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The Mpingo tree

The Mpingo tree

The Mpingo tree

My novel, Burning Embers, is set in Kenya in 1970. The heroine, Coral, was born in Mombasa, but when her parents separated she moved to London. Now, she is returning to her birthplace to take up her inheritance: mistress of her father’s plantation, Mpingo.

At the heart of Mpingo is her father’s architect-designed house – opulent, magnificent, beautiful. Nearby, a twenty-kilometre stretch of hot, white sands melting into the azure Indian Ocean. And to all sides of the house, gardens and acres of orchards in which grow the rare Mpingo tree.

Mpingo trees are also known as African blackwood trees (or if you prefer the Latin name, Dalbergia melanoxylon). They are beautiful: four to fifteen metres tall with lovely white flowers. The wood is reddish-black, and takes sixty years to mature.

In Swahili, Mpingo means ‘The Tree of Music’. It is so called because the wood is often used to make wind instruments of the highest quality, such as clarinets and oboes. The wood is highly valued, and commands a high price (around £12,000 per cubic meter). But due to exploitation of the trees in Kenya, trees are scarce and concern is growing about their survival. Two organisations now work to conserve the Mpingo tree: Mpingo Conservation & Development Initiative and the African Blackwood Conservation Project.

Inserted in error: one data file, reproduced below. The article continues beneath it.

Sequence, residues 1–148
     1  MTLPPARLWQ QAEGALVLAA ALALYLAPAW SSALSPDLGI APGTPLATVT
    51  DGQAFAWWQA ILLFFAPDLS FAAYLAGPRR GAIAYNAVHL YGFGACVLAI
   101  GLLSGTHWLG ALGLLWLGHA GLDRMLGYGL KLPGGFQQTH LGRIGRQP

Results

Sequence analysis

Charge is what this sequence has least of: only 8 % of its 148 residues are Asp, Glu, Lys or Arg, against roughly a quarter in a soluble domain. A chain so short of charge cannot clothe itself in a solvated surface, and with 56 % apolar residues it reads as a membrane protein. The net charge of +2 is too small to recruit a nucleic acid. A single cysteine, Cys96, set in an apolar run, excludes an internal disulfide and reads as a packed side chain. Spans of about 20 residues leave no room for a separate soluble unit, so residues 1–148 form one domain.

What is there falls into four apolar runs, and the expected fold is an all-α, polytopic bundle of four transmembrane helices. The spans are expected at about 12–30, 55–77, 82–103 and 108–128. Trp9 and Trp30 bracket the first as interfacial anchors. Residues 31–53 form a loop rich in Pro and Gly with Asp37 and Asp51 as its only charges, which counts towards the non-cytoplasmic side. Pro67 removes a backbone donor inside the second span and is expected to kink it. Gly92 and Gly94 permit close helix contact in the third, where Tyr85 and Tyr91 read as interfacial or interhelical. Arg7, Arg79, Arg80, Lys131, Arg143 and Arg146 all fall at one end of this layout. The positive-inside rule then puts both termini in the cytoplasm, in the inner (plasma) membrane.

It seems fitting, to me, to situate the love story that evolves between Coral and Rafe amid these trees, the very epitome of the rawness of nature and the price paid for progress in Kenya in 1970. Mpingo reflects the fragility of the lovers, the vulnerability of their relationship in the hot, wild African setting – but also, ultimately, their strength, their hardiness and the beauty at the core of their love.

When I think of Coral and Rafe and Mpingo, into my mind wanders those poignant words from Captain Corelli’s Mandolin:

‘Love is a temporary madness. It erupts like an earthquake and then subsides. And when it subsides you have to make a decision. You have to work out whether your roots have become so entwined together that it is inconceivable that you should ever part. Because this is what love is. Love is not breathlessness, it is not excitement, it is not the promulgation of promises of eternal passion. That is just being “in love” which any of us can convince ourselves we are. Love itself is what is left over when being in love has burned away, and this is both an art and an accident. Your Mother and I had it, we had roots that grew towards each other underground, and when all pretty blossom had fallen from our branches we found that we were one tree, not two.’

 

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